From Newsweek BY KASHMIRA GANDER Using cannabis while pregnant to ease morning sickness could damage the brain of a fetus, scientists who studied rats have warned.
Between 2002 and 2014, the rates of women using cannabis during pregnancy spiked by 62 percent in the U.S., and marijuana is the psychoactive drug used most commonly by pregnant women, according to the researchers at Auburn University, in Alabama. Expectant mothers turn to the drug because it can alleviate the symptoms of morning sickness.
Past studies have indicated that coming into contact with cannabis in the womb could change how the brain’s networks develop, and could cause cognitive and behavioral problems in children “leading to a long-lasting effects on adult behavior,” the studies concluded.
In this new study, the researchers looked at how cannabis might affect the hippocampus: the part of the brain involved in memory and learning. They did this by exposing pregnant female rats to a synthetic chemical that acts similarly to cannabis at 2 milligrams/kilograms, until their young were born. The dose was comparable to an expectant mother using moderate to high amounts of cannabis.
The brain connections in the baby rats exposed to synthetic cannabis in the womb were found to be reduced when compared with the rats that didn’t encounter the drug. The rats also underwent behavioral tests.
A protein called neural cell adhesion molecule, which helps to maintain neural connections, was reduced in the cannabis-dosed rates. This could explain the observed learning and memory problems, the authors wrote.
The team hopes the work could one day lead to treatments for children whose learning and memory has been damaged by marijuana use, boosting levels of NCAM.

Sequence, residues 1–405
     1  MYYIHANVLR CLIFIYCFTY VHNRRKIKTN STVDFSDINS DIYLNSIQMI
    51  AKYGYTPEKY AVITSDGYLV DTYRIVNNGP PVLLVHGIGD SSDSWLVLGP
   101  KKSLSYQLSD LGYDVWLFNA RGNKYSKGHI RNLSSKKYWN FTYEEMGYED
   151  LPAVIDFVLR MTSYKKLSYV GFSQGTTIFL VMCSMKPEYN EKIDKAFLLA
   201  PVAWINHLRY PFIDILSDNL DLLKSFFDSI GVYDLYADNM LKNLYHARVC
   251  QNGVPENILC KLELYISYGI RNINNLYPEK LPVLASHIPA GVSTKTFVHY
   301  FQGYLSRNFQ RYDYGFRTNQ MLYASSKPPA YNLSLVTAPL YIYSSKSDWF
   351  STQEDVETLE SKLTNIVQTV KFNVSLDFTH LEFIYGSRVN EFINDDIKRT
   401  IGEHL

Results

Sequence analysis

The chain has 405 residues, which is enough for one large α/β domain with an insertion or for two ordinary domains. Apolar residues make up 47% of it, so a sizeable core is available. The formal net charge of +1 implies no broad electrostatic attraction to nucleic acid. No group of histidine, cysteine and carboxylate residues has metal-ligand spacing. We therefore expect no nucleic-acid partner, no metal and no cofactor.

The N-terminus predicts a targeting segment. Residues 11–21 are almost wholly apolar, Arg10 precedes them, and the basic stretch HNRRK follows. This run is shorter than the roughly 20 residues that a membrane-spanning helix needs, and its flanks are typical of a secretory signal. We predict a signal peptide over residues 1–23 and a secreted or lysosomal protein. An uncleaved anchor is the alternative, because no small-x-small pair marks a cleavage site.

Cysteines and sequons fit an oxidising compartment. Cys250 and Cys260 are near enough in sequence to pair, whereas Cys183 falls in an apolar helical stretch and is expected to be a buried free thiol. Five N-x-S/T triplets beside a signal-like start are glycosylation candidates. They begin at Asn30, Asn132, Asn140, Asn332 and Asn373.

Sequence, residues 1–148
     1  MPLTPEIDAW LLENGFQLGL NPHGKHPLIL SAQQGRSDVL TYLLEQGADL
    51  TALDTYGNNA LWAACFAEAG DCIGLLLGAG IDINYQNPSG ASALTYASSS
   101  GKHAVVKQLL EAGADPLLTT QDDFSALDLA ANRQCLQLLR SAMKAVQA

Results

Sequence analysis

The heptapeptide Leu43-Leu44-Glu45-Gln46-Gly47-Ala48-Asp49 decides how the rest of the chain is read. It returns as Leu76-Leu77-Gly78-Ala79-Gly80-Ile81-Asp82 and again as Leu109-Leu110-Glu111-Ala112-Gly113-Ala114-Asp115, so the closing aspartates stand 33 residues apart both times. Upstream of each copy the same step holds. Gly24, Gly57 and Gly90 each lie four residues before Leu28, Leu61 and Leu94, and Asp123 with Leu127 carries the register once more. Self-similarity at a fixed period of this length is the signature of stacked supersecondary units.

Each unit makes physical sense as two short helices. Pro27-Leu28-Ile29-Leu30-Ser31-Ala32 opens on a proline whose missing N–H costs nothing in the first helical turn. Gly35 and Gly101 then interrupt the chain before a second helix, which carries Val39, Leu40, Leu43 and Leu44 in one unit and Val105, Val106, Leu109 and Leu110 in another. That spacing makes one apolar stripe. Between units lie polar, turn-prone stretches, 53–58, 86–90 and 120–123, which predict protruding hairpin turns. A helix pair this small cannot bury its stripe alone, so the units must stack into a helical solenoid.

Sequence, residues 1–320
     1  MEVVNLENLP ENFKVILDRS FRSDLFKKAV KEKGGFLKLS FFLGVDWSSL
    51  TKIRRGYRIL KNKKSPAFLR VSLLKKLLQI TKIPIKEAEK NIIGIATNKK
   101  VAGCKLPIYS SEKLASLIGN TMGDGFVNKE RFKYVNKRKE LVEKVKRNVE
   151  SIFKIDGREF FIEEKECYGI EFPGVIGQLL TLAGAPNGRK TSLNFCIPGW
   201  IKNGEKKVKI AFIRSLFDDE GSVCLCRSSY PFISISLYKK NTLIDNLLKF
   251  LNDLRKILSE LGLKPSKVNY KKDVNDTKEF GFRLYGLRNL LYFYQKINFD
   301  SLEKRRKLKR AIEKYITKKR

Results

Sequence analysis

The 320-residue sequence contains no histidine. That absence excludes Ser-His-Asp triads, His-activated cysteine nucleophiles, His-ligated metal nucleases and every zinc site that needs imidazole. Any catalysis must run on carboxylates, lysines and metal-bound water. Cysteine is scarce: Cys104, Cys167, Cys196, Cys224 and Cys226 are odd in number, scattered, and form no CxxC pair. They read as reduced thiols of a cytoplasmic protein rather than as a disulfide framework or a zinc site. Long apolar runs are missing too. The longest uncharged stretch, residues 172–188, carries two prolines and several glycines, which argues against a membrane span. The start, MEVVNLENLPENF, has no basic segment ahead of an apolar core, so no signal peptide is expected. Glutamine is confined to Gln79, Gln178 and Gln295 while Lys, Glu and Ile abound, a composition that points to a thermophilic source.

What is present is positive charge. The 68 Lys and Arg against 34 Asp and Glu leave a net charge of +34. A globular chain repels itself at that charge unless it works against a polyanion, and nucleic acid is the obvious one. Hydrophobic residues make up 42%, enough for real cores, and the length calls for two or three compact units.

Priyanka Das Pinky, a graduate student at Auburn University who co-authored the study, said in a statement: "Based on our research and the previous existing findings in the field, it can be said that using marijuana during pregnancy would not be a wise choice.
"However, it is also notable that the observed effect in the offspring can vary according to their age and according to the trimester during which they were exposed to the drug as well as dose and route of administration of the drug."
The work will be presented at the American Society for Pharmacology and Experimental Therapeutics annual meeting during the 2019 Experimental Biology meeting. The work has therefore not been published in a peer-reviewed journal.
Pinky commented: "It is still very early to come up with a conclusion about the possible safe use of marijuana during pregnancy. More research is needed to evaluate the exact mechanism by which NCAM and/or its active form is modulating cellular effects while focusing on target-specific drug development for amelioration of the observed cognitive deficits."
Ian Hamilton of the Department of Health Sciences at the University of York, U.K., who was not involved in the research, told Newsweek: “I am surprised to see the reported long-term impact on behavior and development this exposure to synthetic cannabis had.
“There are several potential limitations to this research that would need further exploration. First, this is an animal study: Although rats are often used in this type of investigation, we need to be careful in assuming these results would be mirrored in humans, particularly when it comes to behavioral outcomes which could be significantly different in humans, they may be worse or there might be no impact on behavior.”
Addressing drug use in pregnancy more broadly, he continued: “The safest option is for pregnant women to avoid all psychoactive drugs during pregnancy, including alcohol, which accounts for the greatest harm to unborn fetuses.